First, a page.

World Population To Surpass 7 Billion

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Demographers predict the world population will surpass 7 billion people this year.

Demographers at the National Institute for Demographic Studies (INED) predict the world population will surpass 7 billion people this year, with increased birth rates in Africa offsetting birth rate drops elsewhere. According to a recent study released by the INED, population growth worldwide will steadily increase until the total stabilizes between 9 billion and 10 billion by the end of the century.

“INED expects it to take a further 14 years to reach eight billion people before the figures start stabilising, according to the study which pulls together research carried out by the United Nations, the World Bank and several major national institutes,” read an Agence France-Presse article. “Just seven countries now account for half the world’s population, and therefore their demographic shifts have a major effect. China tops the list with over 1.33 billion people, with another 1.17 billion in India.”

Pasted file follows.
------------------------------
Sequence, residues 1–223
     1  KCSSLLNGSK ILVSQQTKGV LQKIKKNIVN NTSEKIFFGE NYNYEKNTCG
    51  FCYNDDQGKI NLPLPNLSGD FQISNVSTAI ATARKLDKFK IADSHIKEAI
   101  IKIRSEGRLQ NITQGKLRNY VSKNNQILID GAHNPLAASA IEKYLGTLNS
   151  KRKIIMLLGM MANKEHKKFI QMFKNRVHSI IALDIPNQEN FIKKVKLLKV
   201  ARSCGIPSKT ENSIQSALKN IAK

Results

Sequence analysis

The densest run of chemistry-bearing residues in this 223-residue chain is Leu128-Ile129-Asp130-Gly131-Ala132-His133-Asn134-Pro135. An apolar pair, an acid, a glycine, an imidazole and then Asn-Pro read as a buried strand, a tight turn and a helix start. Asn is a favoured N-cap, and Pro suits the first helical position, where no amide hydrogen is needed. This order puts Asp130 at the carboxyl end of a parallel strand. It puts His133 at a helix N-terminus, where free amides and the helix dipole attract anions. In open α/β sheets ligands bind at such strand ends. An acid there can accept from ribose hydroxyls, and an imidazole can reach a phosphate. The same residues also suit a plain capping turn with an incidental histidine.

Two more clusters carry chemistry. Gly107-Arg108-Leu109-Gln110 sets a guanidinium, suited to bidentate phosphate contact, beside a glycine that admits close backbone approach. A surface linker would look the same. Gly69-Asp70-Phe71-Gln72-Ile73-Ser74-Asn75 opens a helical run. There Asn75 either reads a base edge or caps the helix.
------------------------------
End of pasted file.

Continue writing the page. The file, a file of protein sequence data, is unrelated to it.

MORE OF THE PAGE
In an analysis of population growth for Science, discussed by an NPR article, Demographer David Bloom of the Harvard School of Public Health agrees that the majority of the world’s population growth will come from developing countries in the coming decades, and that can have a negative impact on the rest of the world.

“Developing countries tend to be the most politically, economically, socially and environmentally fragile countries in the world,” Bloom said. “And the fallout of rapid population growth in those countries can spill over in many negative ways to other countries.”

According to the article, the Science editors “warn of ‘cluster bombs’ of demographic disaster in rapidly growing countries such as Nigeria and Pakistan that are already ‘hobbled by poor governance and… have huge numbers of poorly educated young adults without job prospects.’”

According to the article, this can be avoided, though: “But with wider access to contraception and concerted attention on infant and child health — basic vaccinations and primary health care — parents in developing countries will opt to have fewer children, who will have a better shot at a tolerable or even prosperous life.”

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